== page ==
Single-Family House HVoltar à lista de projetos
- Mensdorf, Luxemburgo
- 100K - 1M
- 1-5 Stories
The house, built in low-energy technology, is located in rural surroundings, on a lot with old fruit trees and a wonderful view out over the pastures and fields of Mensdorf. The long narrow plot hugs the contour and slopes away to the south. The topography and connection with the village setting determined the typology of the house.
The only access to the village street is from a narrow strip of land, with old farmhouses on both sides. The building stretches wedge-like into the plot, right up to the building perimeter. The long driveway is reminiscent of a farmhouse complex. Retaining walls follow the contour lines and lead to the front door and to the inner circulation zone.
The high frontage of the house, with its steep saddle roof, reflects old country barns. With its varying sizes of windows, answering the different uses of spaces beyond them, the gable façade blends with the homogenous rural architecture of the village.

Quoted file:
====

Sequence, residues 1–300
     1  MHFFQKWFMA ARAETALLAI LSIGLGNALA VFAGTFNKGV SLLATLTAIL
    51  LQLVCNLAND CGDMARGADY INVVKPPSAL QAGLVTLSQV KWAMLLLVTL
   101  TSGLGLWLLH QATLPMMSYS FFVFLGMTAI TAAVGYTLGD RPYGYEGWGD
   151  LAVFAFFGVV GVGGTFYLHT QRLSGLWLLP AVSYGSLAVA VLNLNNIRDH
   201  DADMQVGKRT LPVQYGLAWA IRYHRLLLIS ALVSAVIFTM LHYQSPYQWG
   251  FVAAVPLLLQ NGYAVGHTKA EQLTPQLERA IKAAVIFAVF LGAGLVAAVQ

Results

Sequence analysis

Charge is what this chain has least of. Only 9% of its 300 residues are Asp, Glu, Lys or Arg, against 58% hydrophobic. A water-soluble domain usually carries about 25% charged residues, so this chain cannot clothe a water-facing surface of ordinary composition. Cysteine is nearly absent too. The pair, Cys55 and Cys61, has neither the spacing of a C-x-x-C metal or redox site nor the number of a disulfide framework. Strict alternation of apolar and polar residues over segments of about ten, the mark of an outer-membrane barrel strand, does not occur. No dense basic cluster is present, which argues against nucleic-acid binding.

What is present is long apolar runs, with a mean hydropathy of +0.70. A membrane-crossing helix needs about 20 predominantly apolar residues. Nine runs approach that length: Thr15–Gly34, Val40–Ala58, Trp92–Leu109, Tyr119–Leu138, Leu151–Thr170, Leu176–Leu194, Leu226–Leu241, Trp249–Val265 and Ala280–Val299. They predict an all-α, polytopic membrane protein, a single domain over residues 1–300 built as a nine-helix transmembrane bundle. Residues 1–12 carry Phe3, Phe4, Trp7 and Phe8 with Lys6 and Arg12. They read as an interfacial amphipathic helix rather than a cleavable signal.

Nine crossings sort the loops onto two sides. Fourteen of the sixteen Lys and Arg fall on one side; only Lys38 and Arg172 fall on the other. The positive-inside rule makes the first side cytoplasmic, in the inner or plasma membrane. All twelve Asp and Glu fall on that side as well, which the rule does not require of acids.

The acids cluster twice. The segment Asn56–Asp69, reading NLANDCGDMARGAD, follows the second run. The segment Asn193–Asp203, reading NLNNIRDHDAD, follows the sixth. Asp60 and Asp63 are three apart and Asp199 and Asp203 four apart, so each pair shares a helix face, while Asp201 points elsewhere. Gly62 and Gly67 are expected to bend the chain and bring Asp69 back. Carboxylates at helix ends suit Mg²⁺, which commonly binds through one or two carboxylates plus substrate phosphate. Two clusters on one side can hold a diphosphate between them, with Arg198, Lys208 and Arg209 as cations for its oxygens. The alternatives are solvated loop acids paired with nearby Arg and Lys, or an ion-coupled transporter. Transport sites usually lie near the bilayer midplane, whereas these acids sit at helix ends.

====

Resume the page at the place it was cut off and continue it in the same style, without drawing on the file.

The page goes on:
The volume of the house follows the line of retaining walls, as it is obliged by the building perimeter to taper and become narrow like a tower, before continuing on into the garden in the form of a terrace. The uphill façade, a sheer wall with only a few narrow slit windows, closes staircase and corridors behind.
On the valley side, the facade is more open, with the floors offset from each other. The basement juts out slightly as it follows the contour, creating a flowing balcony like the deck rail of a ship that seems to have grown into the terrain.
Behind the balcony, an enfilade of rooms stretches over the entire length of the ground floor, leading on to the covered terrace and to the garden. The rhythmic placement of the walls and windows in the façade create focused views of the landscape like framed natural sceneries.
The corridor zone at the rear of the building, reaching right up to roof level, gives access to all the rooms on the ground floor as well as to the bedrooms and bathrooms on the first floor. A separate staircase leads to the room under the roof.
Light from the window slits in the facade is supplemented by small openings above the corridor wall so that additional light from the attic room reaches the corridor. The play of light from the window slits, the pitched roofs and the shelving built into the wooden staircase calls to mind spatial contexts from farmhouses and barns.